Appel, Karel

Karel Appel, Two Heads, 18" x 23", 1975, Gouache on paper

Karel Appel, Two Heads, 1975, Gouache on paper, 18 x 23 inches

Painter and sculptor, Karel Appel was born on April 25, 1921, in Amsterdam. He studied at Rijksakademie van Beeldende Kunsten, Amsterdam from 1940-1943. He is recognized for establishing the COBRA group (1948-1951), a European avant-garde art movement known for its vigorous and rebellious style of painting inspired by folk and children’s art. He was influenced by various artists and intellectuals, including Pablo Picasso, Henri Matisse, and Jean Dubuffet. Similarly to the French Surrealists, he created bold, spontaneous forms in sweeping brush strokes which sprang from the unconscious mind. Appel dabbled in a variety of media, ranging from textile to ceramic as well as printmaking.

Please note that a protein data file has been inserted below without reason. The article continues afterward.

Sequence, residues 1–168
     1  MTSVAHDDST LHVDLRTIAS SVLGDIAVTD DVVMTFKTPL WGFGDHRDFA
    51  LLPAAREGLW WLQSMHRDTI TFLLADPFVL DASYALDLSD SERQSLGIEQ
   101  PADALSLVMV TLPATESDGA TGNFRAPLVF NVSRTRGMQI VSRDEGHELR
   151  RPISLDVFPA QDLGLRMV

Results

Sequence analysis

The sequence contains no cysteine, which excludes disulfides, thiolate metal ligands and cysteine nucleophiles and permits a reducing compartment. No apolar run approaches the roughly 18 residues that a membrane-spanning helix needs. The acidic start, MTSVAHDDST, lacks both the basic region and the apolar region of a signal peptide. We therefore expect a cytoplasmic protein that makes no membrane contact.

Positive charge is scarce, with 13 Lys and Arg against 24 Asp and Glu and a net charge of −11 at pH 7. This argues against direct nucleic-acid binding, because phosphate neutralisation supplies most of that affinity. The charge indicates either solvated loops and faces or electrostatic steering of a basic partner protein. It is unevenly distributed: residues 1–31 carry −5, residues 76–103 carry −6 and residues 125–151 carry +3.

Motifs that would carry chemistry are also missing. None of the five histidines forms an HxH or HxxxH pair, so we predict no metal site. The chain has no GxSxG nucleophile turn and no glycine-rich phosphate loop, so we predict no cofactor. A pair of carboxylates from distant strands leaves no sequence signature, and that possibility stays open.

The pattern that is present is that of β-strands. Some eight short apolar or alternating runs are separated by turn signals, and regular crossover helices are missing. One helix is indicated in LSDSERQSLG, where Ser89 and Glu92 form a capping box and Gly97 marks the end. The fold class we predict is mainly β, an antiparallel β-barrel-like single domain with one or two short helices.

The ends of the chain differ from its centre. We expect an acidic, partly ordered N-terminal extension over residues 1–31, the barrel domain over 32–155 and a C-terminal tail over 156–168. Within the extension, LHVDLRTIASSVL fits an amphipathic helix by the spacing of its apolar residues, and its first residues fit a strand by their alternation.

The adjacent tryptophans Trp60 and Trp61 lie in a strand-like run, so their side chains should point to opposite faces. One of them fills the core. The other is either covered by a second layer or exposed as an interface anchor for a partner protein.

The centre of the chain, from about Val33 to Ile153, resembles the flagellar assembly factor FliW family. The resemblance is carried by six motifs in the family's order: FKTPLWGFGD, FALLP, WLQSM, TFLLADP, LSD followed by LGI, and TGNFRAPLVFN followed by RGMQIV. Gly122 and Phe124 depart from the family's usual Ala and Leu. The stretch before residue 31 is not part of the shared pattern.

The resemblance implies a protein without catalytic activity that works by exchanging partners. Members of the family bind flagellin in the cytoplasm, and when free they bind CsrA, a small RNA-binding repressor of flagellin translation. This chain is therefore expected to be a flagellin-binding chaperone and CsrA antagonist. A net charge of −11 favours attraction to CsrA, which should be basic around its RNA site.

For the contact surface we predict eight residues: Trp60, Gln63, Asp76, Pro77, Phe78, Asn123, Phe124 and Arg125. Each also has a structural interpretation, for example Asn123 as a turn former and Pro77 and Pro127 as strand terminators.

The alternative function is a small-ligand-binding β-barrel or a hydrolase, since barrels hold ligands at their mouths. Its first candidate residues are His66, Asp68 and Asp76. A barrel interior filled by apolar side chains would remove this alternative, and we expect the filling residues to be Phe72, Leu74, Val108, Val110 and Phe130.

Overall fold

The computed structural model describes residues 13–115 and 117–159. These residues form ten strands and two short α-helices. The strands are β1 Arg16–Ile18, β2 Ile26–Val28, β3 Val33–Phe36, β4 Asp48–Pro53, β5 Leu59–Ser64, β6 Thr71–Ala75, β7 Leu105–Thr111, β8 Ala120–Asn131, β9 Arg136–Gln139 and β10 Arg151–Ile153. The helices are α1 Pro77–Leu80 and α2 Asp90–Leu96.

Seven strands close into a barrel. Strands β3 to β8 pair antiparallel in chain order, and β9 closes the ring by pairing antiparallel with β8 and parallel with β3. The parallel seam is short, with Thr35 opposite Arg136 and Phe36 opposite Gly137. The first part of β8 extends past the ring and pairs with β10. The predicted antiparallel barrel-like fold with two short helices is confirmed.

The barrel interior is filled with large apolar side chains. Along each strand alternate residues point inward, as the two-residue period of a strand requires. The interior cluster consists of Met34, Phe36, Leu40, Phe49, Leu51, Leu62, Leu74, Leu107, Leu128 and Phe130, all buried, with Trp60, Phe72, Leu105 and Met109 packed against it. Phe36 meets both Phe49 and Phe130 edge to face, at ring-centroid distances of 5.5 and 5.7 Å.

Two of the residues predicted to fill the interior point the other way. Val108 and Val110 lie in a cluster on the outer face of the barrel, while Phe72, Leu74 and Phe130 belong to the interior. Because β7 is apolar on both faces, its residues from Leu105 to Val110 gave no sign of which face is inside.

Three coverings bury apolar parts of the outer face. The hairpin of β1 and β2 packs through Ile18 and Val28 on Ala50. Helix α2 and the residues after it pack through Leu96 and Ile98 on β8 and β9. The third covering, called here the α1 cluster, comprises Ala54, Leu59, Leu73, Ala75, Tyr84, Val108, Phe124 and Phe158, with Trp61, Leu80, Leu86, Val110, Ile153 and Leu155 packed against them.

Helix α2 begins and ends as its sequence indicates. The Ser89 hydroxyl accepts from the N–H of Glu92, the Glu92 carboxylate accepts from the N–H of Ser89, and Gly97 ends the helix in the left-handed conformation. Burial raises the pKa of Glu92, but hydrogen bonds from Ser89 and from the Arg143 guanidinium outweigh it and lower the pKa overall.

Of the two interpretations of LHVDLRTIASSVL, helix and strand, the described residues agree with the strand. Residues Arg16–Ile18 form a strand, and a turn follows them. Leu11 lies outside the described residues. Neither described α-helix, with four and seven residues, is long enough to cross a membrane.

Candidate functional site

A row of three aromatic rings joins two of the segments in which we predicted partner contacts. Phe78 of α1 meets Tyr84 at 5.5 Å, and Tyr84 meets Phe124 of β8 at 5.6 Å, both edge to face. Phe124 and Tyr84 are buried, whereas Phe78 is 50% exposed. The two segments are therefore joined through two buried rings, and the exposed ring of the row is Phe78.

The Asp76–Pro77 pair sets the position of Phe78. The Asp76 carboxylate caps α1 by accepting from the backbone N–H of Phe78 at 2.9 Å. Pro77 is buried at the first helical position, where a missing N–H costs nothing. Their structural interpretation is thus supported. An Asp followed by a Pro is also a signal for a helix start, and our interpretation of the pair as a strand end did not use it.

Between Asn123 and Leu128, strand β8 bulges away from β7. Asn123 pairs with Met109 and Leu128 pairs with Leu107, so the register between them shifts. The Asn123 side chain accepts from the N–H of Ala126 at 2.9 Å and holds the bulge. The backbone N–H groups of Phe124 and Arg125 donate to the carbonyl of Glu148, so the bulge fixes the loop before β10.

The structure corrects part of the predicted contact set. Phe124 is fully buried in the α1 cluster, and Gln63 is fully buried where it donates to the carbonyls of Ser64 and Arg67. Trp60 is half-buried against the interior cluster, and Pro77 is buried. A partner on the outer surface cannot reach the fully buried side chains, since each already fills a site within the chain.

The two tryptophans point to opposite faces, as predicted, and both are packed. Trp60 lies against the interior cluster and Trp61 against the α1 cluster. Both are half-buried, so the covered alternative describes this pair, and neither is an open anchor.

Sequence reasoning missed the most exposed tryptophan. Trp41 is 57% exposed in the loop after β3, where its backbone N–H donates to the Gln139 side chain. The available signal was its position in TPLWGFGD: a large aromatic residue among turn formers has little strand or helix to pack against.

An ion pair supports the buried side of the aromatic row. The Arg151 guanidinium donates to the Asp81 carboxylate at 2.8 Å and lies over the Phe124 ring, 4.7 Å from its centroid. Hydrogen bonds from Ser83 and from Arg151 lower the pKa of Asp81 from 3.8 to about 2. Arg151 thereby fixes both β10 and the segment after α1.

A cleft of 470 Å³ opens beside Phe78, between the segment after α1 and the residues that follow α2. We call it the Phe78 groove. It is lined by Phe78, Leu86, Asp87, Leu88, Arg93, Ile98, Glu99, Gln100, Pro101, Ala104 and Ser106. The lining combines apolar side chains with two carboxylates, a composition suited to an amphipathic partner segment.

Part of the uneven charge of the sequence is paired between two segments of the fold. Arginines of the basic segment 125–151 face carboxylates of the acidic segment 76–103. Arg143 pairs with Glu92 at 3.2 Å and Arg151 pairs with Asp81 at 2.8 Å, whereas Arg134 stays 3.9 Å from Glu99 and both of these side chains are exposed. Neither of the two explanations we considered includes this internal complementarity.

Appel moved to Paris in 1950 where he was introduced to art critic Michel Tapié, who supported him through organizing various exhibitions of his work. He developed a successful solo career, showing at the Palais des beaux-arts, Brussels, in 1953 and receiving the UNESCO Prize at the 1954 Venice Biennale. A major Appel show opened at the Centraal Museum, Utrecht, Netherlands (1970), and a retrospective toured Canada and the United States (1972). Appel pushed the genre of abstraction throughout the 1980’s, working in both sculpture and painting. During this time, he also collaborated with American poet Allen Ginsberg in a series of paintings juxtaposed with visual poetry.

Appel famously declared, “If I paint like a barbarian, it is because we live in a barbarous age,” an understable  sentiment from a man who was born between two world wars. Leading Belgian author Hugo Klaus characterizes Appel’s work in the following words: “Appel’s receptiveness to the material, the tension in his colour, his plastic qualities, give his work a deeper dimension, a valuable power that children’s drawings only rarely evoke. The hesitant line of the child becomes an emotive strength with him, because the wildest rapture, the most spontaneous improvisation remains a construction created from mastery of the material.”